Janice Kromer


In accordance with Squadron Bylaws, Article XI, Nominations, Elections and Voting, the Squadron Nominating Committee places in nomination the following members for the Year 2003-2004. If elected, they will serve until the Change of Watch in the fall of 2004.
 Squadron Commander  Lt/C Charlotte "Cat" Yeomans, P
Executive Officer  P/D/Lt/C Mike Page, P
 Administrative Officer  Lt/C Janice Kromer
 Secretary  Lt/C Bob Gullbranson, P
 Educational Officer  Lt/C Stephen C. Kromer, AP
 Treasurer  Lt/C Loretta Lombardo
 Assistant Educational Officer  1 st/Lt Mike Hamme, P
 Assistant Secretary  1 st/Lt David E. Walsh, P
 Assistant Treasurer  1 st/Lt Corrin Marinko, JN
 Members of the Executive Committee  P/C Vince Lombardo, S
   Lt Dick Finn, AP
   Lt William "Terry" Marinko, P
   Lt John Van Way, SN
   Lt David E. Walsh, P
 Members of the Rules Committee  1 Yr* PIC Daivd O'Hanian, SN Chair
   2 Yr * Bob Dodgens
   3 Yr* P/C Steve Yeomans
 Members of the Audit Committee  1 Yr* Lt Cindy Kridler, AP Chair
   2 Yr* PIC David O'Hanian, SN
   3 Yr* Larry Lanz
 Members of the Housing Committee  1 Yr* P/C Steven J. Yeomans, P Chair
   2 Yr* Pam Hicks
 3 Yr* Steve Kromer
 Members of the Nominating Committee  1 Yr* P/C Billy Lynes, AP Chair
   2 Yr * P/C Steven J. Yeomans, P
   3 Yr To be nominated from the floor

Additionally, in accordance with Article XI, other nominations may be made by written petition, signed by at least five (5) Active Members in good standing, and filed with the Secretary at least fifteen (15) days before the date of the election at the Annual Meeting in October 2003. * Indicates carry-over from previous election of multiple years and does not require election.

P/C Tony Ward, AP
P/C Billy Lynes, AP
P/C Steven Yeomans, P

Executive Committee Meeting
Thursday, 10 July 2003

Cdr Vincent Lombardo called the meeting to order at 1748 at the Headquarters Building. Those in attendance were: Lt Wendy Walsh, Lt/C Bob Gulbrandsen, P/D/C Ken Beeber, Lt David Walsh, P/C William Lynes, Lt John VanWay, Lt/C Steve Kromer, Lt/C Janice Kromer, Mary Gulbrandsen, Lt/C Loretta Lombardo. A quorum was established.

Executive: Lt/C Charlotte Yeomans: No report / not in attendance.

Educational: Per Lt/C Stephen Kromer: We are putting a class schedule together for the fall session and things should be finalized in the next few days.

Administrative: Per Lt/C Janice Kromer: The August social meeting is planned for the West Ashley Crab Shack, with a choice of meals. Glenn Applebaum is to be the guest speaker. September meeting is planned to be a tour of the Coast Guard Cutter Oak, situation permitting. We will need peoples phone numbers as the plan could change due to security or weather threats. There is a possibility of an informal dinner meeting spot after tour.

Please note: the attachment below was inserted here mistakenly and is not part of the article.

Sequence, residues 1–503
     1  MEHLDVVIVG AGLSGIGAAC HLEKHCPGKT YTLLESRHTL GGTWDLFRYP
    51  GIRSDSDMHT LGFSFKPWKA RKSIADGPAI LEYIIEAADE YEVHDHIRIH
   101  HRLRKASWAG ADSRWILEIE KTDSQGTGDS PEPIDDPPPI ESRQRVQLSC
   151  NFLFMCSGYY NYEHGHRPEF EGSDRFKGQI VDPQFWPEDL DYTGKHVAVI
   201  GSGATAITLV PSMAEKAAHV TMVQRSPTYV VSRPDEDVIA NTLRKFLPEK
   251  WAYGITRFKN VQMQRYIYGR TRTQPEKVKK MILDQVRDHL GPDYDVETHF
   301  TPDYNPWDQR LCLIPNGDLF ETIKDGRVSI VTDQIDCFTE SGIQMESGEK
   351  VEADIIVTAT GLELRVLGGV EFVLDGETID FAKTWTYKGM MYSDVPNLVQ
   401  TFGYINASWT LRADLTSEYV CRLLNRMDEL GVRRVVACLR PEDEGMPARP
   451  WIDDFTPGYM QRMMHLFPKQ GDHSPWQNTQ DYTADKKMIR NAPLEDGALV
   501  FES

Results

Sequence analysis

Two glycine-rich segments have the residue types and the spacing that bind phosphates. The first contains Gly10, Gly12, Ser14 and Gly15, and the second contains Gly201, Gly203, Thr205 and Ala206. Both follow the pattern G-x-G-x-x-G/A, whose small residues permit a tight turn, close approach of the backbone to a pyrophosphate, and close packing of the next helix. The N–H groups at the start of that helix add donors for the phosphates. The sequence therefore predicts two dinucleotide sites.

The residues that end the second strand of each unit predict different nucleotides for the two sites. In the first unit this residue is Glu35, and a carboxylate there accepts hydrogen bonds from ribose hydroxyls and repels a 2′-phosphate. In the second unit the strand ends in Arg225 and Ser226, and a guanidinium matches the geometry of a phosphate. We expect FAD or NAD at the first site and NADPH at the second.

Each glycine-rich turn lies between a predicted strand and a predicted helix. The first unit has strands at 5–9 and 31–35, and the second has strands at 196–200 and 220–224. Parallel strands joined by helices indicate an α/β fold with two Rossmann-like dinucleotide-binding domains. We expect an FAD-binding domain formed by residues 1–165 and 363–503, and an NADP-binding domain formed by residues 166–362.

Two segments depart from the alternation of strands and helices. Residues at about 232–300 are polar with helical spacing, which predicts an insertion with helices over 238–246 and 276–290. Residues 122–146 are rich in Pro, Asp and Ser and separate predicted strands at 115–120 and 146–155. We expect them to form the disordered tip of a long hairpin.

Treasurer: Per Lt/C Loretta Lombardo: The squadron is solvent. We have a number of members, 37 that have not renewed to date. We believe that a number of them are oversights. She has asked that our bridge officers begin calling the members that have not renewed.

Secretary: Per Lt/C Bob Gulbrandsen: The electronic vote is in and we have an approval for the new members application of the Meyers family pending their certificate approvals or retest.

Commander: Per CDR Vince Lombardo: Cruise for July 12 will be at Folly Island for a raft-up. David Walsh advised the low tide would be at 1319 for the raft-up.

Old Business: No old business was addressed.

New Business: Per Lt David Walsh: The August cruise to Dataw Island is on 2 August. The squadron will supply hamburgers and hot dogs, members will pot luck what ever they want. The Beaufort Power Squadron will be joining the Dataw Cruise. Lt/C Steve Kromer motioned that the squadron adopt the Stono River Chart. The adopt-a-chart motion was seconded and carried. Lt John VanWay suggested that the Budget Committee begin work on the new budget. Also, that the budget needs to be updated to a Quicken Program that would make the accounting system much easier. The Nominating Committee needs to submit their list for the 2004 officers as soon as possible, for approval by the Executive Committee.

The meeting adjourned at 1821

Charleston Power Squadron Visits
The Spirit of South Carolina

The June membership meeting, 12 June 2003 was held at the Spirit of South Carolina boatyard in downtown Charleston. Larry Lanz, a Squadron member and Spirit project volunteer, introduced Charlie Sneed who oversees the Spirit project. According to Charlie, the Spirit began as a dream of local wooden boat fans. Design of the Spirit was inspired by the 1897 schooner Frances Elizabeth, that served as a pilot boat in Charleston harbor. Builder of the Francis Elizabeth was Samuel Pregnall who operated a shipyard, that once stood about 200 yards away from where the Spirit is now being constructed. Mr. Sneed explained that a copy of plans for the Francis Elizabeth were obtained from Smithsonian Institution. The Spirit's plans were developed from Francis Elizabeth's plans by a marine architect as a modern sailing ship, that is about half again larger and much stronger than the original schooner.